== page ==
Wednesday, March 6, 2013 saw the second reading of the Petroleum Industry Bill (PIB) on the floor of the Senate enter into its second day. (Reported here and here).
Deliberations once again centered on the controversial 10 per cent allotted for the Petroleum Host Community Fund (PHCF).
Senate Committee Head on Rules and Business, Ita Enang (Akwa Ibom North East) in refuting the collective opposition by Northern Senators to further funding of oil producing regions through the PHCF, introduced another dimension to the debate by alleging that over 83 per cent of the indigenous acreage allotted in the Niger Delta were given to individuals from the North-East and North-West geo-political zones while the rest were distributed amongst individuals from the South-East and South-West which effectively returned most of the proceeds on investment in the Niger Delta to the North. He then called for the revocation and reallocation of oil blocks in line with the federal character principle. Adding his support to Enang’s view, Senator James Manager (Delta South), warned against withdrawing the Fund as it may breed the return of militants to the creeks, whilst Senator George Thompson Sekibo (Rivers) maintained that the money from the fund was not meant for the South-South region alone.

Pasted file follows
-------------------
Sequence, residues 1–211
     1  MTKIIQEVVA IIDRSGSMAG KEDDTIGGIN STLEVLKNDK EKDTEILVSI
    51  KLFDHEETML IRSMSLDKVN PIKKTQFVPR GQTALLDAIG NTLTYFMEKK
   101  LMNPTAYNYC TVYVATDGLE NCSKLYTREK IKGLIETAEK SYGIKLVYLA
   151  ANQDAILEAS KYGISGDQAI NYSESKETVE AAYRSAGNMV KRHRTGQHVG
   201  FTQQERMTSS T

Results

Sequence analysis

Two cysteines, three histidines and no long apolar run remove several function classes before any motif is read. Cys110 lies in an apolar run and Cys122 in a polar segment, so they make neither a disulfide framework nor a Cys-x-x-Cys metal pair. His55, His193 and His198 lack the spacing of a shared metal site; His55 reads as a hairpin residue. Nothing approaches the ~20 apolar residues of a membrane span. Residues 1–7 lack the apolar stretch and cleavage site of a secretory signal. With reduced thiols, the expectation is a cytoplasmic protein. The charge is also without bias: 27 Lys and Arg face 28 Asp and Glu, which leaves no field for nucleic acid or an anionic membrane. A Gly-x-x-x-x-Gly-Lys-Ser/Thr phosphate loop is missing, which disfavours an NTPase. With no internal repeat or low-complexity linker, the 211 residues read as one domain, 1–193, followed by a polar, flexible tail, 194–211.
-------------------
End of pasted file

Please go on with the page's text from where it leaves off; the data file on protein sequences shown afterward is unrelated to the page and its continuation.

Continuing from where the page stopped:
Senator Abdulahi Adamu (Nasarawa West) while accepting the spirit behind the reforms in the oil and gas sector asked that caution be exercised in the moves to privatise the National Oil Company as a lack of transparency and accountability could jeopardize the process.
Senator Olufemi Lanlehin (Oyo South) voiced concerns about Section 191 of the Bill which gave the President discretionary powers to grant licenses. He expressed worry that the Bill did not place any limitations on this discretionary power by the President.
An area that garnered support from Senators from both Northern and Southern divides was the need to provide adequate funding and support frontier exploration. Senator Manager was of the view that oil exploration in other states would contain the bickering over the PHCF incentives.